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Old 23 September 2012, 12:05   #1
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High Speed Navigation

When using non-electronic charts for high speed navigation in open ribs do people use special 'wet weather' charts, or are they just standard charts, but laminated?

From the pictures I've seen, it looks like there may be smaller, more specific charts, rather than the large standard ones, but I'm not sure...
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Old 23 September 2012, 12:16   #2
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Quote:
Originally Posted by vjmehra
When using non-electronic charts for high speed navigation in open ribs do people use special 'wet weather' charts, or are they just standard charts, but laminated?

From the pictures I've seen, it looks like there may be smaller, more specific charts, rather than the large standard ones, but I'm not sure...
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Old 23 September 2012, 12:31   #3
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I use a Gaastra Chart Seal Bag for my paper chart back-up. A2 size i.e. Imray 2000 Series size charts/Admiralty Leisure Folio etc. Been out in some weather and it hasn't let any moisture in Chris
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Old 23 September 2012, 12:52   #4
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Depends what size RIB your on. If you have a large surface to put the chart on it'll make life alot easier.

If your knelt down with the chart on a seat trying to plot where your going its hard work at rest let alone at speed.
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Old 23 September 2012, 13:15   #5
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Our RIB is 5.5m, that chart seal bag looks interesting!

Its something that I believe is covered in the Advanced Powerboat course, so I thought it may be worth getting some practice in, as I fancy doing the course!
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Old 23 September 2012, 13:19   #6
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Charts

When I did my advanced powerboat course we preplotted our course and drew it on to A4 sheets In big felt tip letters so it is easy to see in the dark with distance time course and the bouy or mark we were heading to then laminated the page for each leg .this worked well till we hit a big wave and it all went over the side!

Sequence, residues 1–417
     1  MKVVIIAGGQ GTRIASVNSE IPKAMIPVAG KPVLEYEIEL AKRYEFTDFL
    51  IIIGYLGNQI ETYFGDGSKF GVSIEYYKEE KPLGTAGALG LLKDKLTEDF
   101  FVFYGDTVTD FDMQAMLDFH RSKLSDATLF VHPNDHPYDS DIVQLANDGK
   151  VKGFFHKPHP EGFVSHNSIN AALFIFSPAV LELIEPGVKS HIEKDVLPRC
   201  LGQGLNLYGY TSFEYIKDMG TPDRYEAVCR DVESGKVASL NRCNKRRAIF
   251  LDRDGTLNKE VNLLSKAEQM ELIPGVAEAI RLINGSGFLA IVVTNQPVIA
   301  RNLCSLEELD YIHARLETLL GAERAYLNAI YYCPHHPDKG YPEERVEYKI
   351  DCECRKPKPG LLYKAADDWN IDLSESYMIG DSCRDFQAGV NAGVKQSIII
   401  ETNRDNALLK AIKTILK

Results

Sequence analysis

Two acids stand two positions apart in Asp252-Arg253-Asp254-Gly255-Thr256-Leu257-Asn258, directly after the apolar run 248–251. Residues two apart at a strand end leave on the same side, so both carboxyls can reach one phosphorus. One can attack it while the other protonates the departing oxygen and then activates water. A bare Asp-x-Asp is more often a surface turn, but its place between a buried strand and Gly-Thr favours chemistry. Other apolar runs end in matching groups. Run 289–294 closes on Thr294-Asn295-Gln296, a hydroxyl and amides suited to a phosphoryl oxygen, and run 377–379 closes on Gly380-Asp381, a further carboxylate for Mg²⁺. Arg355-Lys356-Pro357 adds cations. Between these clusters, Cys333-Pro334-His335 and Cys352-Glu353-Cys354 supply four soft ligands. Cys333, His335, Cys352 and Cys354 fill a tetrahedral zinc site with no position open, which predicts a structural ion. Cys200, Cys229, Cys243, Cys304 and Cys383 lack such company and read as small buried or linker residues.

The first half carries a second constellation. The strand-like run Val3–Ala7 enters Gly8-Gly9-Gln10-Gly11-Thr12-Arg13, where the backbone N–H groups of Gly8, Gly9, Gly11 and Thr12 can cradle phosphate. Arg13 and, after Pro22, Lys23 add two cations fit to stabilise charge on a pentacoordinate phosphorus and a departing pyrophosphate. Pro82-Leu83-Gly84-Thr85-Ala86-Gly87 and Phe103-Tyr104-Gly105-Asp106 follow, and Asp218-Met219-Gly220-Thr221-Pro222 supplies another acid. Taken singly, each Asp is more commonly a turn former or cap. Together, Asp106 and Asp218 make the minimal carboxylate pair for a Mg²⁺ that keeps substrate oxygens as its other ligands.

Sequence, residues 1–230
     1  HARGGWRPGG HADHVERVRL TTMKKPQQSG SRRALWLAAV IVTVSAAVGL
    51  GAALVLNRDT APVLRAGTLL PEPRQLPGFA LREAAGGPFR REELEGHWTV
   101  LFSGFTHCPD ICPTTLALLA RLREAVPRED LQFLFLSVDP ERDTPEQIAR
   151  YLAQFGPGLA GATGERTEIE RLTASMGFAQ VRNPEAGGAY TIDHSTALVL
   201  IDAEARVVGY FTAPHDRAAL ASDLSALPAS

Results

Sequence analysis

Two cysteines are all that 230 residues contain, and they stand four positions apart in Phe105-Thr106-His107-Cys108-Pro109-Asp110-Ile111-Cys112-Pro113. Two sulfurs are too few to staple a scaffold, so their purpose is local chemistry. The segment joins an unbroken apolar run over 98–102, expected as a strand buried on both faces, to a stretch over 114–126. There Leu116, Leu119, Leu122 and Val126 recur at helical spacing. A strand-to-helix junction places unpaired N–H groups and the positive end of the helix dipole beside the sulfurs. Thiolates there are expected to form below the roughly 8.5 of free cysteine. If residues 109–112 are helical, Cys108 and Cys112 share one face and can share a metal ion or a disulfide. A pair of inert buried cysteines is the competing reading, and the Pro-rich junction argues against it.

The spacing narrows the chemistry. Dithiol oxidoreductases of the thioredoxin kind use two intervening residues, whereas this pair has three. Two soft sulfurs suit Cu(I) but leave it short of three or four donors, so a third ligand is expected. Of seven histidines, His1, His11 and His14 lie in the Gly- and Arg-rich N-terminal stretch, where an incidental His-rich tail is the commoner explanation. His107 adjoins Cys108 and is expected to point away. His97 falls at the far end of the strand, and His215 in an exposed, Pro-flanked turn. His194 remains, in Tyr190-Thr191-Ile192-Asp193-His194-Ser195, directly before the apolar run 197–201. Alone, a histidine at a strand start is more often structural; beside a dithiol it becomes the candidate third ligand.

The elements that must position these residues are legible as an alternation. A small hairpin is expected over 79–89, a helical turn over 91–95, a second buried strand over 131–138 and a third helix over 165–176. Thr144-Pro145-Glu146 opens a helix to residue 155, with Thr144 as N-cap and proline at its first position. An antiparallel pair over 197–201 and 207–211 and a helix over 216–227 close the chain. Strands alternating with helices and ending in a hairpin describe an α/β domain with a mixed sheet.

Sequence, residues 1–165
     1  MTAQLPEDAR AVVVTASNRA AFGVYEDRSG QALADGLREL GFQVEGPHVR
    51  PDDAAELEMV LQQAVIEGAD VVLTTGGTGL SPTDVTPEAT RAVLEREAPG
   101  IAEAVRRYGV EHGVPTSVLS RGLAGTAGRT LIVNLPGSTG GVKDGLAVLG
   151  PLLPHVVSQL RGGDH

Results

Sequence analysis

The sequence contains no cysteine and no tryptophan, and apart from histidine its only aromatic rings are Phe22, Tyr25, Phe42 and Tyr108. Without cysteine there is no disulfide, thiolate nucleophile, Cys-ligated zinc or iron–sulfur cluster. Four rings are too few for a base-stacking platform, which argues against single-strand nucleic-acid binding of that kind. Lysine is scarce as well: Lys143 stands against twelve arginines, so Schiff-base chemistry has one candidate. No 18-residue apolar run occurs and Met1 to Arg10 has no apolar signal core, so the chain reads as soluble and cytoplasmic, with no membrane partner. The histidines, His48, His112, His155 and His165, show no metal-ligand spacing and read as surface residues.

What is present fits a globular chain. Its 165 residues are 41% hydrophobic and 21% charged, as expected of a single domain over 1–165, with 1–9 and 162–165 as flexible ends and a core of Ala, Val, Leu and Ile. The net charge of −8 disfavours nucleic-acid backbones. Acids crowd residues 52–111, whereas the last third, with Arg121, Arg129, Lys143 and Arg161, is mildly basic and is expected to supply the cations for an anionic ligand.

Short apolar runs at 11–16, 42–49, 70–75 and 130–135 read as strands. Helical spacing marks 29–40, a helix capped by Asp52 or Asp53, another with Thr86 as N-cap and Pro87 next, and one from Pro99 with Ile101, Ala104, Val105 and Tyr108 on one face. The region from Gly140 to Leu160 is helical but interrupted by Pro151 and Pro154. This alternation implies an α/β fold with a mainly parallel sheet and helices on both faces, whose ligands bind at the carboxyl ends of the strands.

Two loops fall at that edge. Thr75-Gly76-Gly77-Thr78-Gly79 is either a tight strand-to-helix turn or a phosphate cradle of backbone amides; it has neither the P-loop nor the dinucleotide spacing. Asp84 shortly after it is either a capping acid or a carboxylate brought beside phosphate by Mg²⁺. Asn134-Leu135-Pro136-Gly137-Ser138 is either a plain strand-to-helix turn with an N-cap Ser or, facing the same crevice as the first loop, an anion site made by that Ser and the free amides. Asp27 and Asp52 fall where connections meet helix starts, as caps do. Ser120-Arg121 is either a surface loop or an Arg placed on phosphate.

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Old 23 September 2012, 13:25   #7
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Navigating (in the traditional sense with a chart and dividers etc) is nigh on impossible in a small RIB at speed.
My approach is to make a 'flight plan' which is basically a list of waypoints, distances, bearings and estimated times between them, and somewhere to note the actual time at each WPT. Laminate it or put it in a plastic wallet and use a chinagraph pencil to note actual times (and depths if appropriate).
I keep paper charts in a zip up chart case under the seat for emergency use.
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Old 23 September 2012, 13:27   #8
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Ah I see, that makes more sense, I sort of do that anyway, I thought there was a requirement to actually plot whilst on the passage! That makes more sense now :-)
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Old 23 September 2012, 13:50   #9
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Quote:
Originally Posted by vjmehra View Post
Ah I see, that makes more sense, I sort of do that anyway, I thought there was a requirement to actually plot whilst on the passage! That makes more sense now :-)
My basic passage+planning approach is:

1/ As Dry-Doc says - do a 'dining room' passage plan. I write mine up on one of those small divers slates with a china graph pencil and then I can refer to it during the passage and also use it as my log to mark up position/time/course at the pre-written waypoints or if viz becomes a worry.

2/ I take the paper chart [in the Gaastra bag] and I also have a hand held battery powered GPS in my grab bag, both of which I would only pull out if my chartplotter/power failed and I needed to plot my position and to set a course. If the heandheld GPS also failed (I would be thinking someone really had it in for me at that point!) then I could do a rough EP with the chinagraph on the Chart cover.

Probably not textbook and not a form of high speed nav as OP asked but with a chartplotter life is so easy but as always a backup plan is critical.

Chris
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Old 24 September 2012, 05:31   #10
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A2 on an open boat??????

I have been given coutless laminated event plans / call sign lists etc all nicely laminated A4, but they are - to be as polite as I can be on this subject - a right royal pain in the @rse.

I do use a plotter, but as said - a backup plan is always a good thing. I have memory map charts on the PC at home which allow you to print a copy for your own use. I am in the process of (only 'coz I'm doing it on an "as & when" for a new cruising ground) printing & laminating A5 charts, and using stainless key fobs to turn them into a "flipchart" with "next page" references drawn on the sides of each chart print before lamination. It's small enough to bungee to the wheel hub, & doesn't do spinnaker impersonations when the engine is in gear!

Absolutely second the chinagraph pencil - if velcro'ed to the console somewhere can also be used for scribbling down mayday details if you get a non DSC shout.
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